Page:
In Utah, women are natural and effective leaders. Utah women are creative ...Read More
Katy Welkie: Working with Care
Closing the Achievement Gap
In the Loop
Commercial Real Estate
The America Invents Act
Emerging Market Equities
A Forgotten Virtue
The Soft Sell
For 13 years, Utah Business has been celebrating outstanding businesswomen in our 30 Women to Watch program. Year after year, we are amazed at the accomplishments these women have achieved for their companies, communities and the state. Ranging in industries and titles, these honorees are another testament of the important role that women play in shaping Utah’s future. Read their stories beginning on page 66.
There’s no doubt that Utah’s businesswomen are integral to the state’s robust economy. More than 66,000 women-owned businesses employ 57,400 and contribute $11.4 billion to the state’s economy each year, according to the most recent American Express OPEN State of Women-Owned Businesses Report. And the number of women-owned businesses is increasing at a steady 57 percent.
Despite these positive figures, disconcerting trends persist. For example, Utah’s businesswomen hold fewer c-level management and board-level positions. And while more women in the state are enrolling in higher education, Utah has the largest gap in the nation between male and female college graduation rates, according to the Department of Workforce Services.
Furthermore, studies have again revealed that Utah’s working women receive unequal compensation. The latest report from Equal Pay Day revealed that Utah’s wage gap between men and women is the third worst in the nation (outranking only Louisiana and Wyoming). Utah women earn just 69 cents for every dollar paid to their male colleagues, resulting in a yearly gap in wages of $14,446. Nationally, women working full time are paid 77 cents per dollar.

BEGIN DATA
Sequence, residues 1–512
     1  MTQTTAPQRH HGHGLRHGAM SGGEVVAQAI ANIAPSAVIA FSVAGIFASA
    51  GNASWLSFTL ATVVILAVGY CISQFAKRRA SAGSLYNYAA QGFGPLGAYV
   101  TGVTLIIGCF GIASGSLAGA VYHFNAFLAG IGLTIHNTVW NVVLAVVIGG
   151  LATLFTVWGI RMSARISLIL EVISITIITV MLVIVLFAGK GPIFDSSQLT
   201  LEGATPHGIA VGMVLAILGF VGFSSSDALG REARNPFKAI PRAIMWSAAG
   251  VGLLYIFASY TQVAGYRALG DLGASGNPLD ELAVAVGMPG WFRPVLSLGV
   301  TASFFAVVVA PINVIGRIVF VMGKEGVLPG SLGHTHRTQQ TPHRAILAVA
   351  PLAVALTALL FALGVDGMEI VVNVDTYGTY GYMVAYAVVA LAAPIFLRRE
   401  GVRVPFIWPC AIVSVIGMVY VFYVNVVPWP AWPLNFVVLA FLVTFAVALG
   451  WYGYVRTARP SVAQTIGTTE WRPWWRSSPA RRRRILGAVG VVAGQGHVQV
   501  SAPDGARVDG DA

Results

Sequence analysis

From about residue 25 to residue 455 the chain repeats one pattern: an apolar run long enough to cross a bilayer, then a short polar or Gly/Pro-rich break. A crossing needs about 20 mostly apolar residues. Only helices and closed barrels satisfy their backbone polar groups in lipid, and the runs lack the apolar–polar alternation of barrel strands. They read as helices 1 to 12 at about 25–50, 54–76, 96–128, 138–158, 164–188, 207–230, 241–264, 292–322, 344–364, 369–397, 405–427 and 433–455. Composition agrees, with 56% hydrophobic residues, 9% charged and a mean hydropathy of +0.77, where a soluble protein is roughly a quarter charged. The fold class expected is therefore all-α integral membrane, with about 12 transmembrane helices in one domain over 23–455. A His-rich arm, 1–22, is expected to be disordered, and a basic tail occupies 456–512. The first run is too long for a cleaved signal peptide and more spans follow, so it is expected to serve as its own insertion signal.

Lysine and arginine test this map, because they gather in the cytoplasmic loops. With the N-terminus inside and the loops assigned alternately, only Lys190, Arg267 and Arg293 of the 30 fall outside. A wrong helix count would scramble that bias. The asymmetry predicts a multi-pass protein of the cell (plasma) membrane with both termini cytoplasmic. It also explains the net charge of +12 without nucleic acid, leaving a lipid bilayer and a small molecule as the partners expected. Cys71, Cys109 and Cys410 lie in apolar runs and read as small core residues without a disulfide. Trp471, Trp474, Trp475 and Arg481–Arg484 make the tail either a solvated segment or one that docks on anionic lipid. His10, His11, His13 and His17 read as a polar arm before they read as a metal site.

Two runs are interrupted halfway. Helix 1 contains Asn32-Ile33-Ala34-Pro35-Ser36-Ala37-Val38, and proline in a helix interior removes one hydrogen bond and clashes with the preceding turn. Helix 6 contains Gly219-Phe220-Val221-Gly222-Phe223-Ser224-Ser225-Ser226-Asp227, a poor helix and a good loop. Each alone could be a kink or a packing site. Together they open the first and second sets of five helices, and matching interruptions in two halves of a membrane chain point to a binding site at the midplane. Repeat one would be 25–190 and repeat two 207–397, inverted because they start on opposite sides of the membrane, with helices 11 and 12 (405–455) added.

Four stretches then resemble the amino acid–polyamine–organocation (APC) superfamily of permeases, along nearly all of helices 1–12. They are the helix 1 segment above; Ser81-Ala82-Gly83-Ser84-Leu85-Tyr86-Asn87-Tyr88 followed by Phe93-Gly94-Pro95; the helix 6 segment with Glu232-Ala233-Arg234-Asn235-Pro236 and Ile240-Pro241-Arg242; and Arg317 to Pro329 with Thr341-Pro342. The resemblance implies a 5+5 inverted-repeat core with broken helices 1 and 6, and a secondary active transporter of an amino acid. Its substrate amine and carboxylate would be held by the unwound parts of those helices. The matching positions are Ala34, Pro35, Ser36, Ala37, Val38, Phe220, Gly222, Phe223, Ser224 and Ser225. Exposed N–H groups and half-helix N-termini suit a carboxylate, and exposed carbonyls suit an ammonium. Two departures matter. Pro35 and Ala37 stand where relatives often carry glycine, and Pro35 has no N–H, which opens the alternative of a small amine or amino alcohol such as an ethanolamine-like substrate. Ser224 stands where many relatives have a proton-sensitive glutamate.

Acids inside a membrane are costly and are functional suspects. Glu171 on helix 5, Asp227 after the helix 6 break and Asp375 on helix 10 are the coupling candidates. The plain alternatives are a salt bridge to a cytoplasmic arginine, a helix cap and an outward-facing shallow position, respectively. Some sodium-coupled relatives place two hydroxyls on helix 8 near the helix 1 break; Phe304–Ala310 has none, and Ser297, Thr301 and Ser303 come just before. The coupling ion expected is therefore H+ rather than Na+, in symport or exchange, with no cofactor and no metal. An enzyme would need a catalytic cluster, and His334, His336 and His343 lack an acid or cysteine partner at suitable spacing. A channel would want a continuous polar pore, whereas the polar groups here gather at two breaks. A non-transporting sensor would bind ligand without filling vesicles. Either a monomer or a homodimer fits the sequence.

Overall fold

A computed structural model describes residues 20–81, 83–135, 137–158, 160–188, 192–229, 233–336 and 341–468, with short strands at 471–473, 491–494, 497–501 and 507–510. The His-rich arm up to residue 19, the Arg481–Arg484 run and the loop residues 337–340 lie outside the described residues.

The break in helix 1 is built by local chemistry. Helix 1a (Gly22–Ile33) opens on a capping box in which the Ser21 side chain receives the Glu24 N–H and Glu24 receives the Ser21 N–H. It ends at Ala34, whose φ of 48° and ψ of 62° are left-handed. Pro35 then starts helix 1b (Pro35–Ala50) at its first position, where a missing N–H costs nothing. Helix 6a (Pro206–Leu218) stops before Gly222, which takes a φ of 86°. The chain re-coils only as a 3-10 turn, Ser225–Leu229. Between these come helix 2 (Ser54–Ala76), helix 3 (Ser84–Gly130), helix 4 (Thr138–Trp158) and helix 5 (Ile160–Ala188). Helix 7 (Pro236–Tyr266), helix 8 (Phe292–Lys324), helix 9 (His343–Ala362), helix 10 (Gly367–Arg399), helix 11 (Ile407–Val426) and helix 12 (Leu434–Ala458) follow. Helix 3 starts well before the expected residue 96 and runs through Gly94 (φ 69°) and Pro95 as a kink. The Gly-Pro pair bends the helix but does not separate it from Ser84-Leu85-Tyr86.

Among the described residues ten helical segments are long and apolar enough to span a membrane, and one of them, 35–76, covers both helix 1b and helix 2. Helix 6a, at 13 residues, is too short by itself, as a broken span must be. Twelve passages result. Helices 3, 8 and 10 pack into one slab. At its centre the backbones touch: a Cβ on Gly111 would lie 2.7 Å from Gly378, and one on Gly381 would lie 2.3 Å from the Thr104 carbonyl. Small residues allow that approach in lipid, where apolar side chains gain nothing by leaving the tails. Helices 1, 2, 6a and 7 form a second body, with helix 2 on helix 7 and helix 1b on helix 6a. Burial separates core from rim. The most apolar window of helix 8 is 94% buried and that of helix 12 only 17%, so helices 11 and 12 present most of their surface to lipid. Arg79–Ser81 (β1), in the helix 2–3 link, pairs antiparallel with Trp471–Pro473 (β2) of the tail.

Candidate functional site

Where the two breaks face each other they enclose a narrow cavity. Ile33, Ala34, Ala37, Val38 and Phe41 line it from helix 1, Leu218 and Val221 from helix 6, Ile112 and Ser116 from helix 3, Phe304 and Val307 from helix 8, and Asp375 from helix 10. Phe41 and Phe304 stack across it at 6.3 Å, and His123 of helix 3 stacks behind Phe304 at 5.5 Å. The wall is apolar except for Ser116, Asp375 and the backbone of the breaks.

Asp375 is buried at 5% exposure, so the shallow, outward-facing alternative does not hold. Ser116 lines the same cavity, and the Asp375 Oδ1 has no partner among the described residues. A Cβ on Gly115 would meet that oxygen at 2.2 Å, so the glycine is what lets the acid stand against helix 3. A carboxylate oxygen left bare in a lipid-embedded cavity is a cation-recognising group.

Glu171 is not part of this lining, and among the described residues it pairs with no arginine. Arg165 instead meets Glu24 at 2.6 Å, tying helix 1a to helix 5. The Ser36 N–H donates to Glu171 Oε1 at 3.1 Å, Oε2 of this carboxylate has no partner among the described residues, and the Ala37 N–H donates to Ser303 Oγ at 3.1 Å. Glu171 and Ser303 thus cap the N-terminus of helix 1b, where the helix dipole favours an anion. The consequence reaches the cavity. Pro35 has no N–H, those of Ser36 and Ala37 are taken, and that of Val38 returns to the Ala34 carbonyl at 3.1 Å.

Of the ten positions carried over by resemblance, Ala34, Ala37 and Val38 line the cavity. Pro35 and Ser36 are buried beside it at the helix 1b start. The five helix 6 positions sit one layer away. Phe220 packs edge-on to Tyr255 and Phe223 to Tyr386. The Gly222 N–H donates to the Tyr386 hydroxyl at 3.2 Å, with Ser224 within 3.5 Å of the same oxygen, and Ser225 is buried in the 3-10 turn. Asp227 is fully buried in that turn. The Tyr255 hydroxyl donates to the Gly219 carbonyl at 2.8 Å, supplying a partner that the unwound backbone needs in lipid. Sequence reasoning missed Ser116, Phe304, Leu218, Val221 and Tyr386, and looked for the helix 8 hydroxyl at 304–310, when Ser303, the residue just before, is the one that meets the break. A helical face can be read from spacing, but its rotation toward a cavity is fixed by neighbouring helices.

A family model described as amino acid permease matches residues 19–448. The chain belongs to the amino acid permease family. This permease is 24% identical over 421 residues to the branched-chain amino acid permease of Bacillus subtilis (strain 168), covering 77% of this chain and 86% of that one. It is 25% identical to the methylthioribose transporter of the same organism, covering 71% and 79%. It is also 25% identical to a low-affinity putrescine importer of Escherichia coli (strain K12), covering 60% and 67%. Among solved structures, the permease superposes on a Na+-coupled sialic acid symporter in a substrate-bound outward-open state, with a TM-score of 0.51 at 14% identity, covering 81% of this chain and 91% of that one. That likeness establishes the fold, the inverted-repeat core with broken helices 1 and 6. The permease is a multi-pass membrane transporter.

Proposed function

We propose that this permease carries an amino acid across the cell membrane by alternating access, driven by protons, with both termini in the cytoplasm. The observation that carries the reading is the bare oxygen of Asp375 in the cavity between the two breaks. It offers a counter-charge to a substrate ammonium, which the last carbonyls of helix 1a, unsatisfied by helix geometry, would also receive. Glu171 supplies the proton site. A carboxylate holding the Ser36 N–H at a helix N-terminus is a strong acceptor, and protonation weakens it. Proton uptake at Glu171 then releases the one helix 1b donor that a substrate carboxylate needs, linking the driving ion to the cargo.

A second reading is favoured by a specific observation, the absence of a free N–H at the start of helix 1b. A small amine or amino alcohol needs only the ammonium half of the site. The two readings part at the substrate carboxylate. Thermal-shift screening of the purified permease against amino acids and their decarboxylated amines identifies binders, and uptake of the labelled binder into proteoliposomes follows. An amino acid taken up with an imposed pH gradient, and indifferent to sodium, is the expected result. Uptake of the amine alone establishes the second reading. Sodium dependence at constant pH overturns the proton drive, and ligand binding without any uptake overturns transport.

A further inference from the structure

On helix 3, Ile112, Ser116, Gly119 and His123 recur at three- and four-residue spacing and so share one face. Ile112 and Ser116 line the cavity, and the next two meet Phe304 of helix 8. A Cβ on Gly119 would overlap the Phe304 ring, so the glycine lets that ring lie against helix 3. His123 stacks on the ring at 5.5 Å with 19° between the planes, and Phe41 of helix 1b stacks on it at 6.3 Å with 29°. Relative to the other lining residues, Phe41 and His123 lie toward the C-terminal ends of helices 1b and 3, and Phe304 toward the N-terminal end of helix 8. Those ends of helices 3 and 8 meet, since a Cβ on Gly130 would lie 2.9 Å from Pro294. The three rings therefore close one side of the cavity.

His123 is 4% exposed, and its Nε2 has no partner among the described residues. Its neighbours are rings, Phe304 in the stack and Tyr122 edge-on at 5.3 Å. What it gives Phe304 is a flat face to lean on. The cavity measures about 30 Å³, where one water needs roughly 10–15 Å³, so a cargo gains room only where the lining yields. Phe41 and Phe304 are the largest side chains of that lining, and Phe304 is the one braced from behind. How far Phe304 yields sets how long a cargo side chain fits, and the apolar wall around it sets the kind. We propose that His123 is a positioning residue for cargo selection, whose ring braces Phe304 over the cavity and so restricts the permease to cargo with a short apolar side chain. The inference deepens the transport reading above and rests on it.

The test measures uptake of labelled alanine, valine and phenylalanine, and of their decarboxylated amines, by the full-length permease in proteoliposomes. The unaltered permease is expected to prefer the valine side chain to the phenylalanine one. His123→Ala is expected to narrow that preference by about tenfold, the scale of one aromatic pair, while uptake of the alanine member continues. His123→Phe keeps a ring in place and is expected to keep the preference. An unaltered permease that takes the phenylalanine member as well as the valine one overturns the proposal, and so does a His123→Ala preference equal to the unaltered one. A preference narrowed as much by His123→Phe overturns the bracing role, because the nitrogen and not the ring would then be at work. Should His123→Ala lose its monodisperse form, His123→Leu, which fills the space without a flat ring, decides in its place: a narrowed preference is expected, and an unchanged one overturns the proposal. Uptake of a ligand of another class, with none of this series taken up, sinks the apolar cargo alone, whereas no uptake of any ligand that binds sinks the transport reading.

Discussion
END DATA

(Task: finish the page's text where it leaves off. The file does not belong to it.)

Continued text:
I recently spoke with MaryPat Kavanagh, president of the Salt Lake Chapter of NAWBO (National Association of Women Business Owners), about the vital role of women in Utah’s economy and how today’s business leaders can improve the environment for the next generation.
“I think that Utah has evolved much in the last few years as a friendly, welcoming environment for women entrepreneurs, but unfortunately we have a long way to go,” she says. “I often hear women discussing the opportunity they have, the passion and purpose that has driven them into entrepreneurship, and then they do not achieve their dream—not because they can’t but because they think they can’t…The successful women I know—it didn’t even occur to them that they couldn’t do something. They just did it.”
Kavanagh says that Utah’s businesswomen have an important responsibility to help guide young women. “I do believe that change starts with us individually. As women we need to step up and be role models. We don’t pat ourselves on the back often enough. But for the sake of our community and for the sake of our next generations, we need to pat ourselves on the back and show girls what they can accomplish.”
How can you help? Volunteer in schools or clubs. Participate in career fairs and community organizations like NAWBO. While there is much to celebrate regarding the advancements of women in business, Utah’s business leaders—especially businesswomen—can help reduce the troubling achievement gaps between men and women by actively setting an example of what our children can accomplish.
From the Editor
Sarah Ryther Francom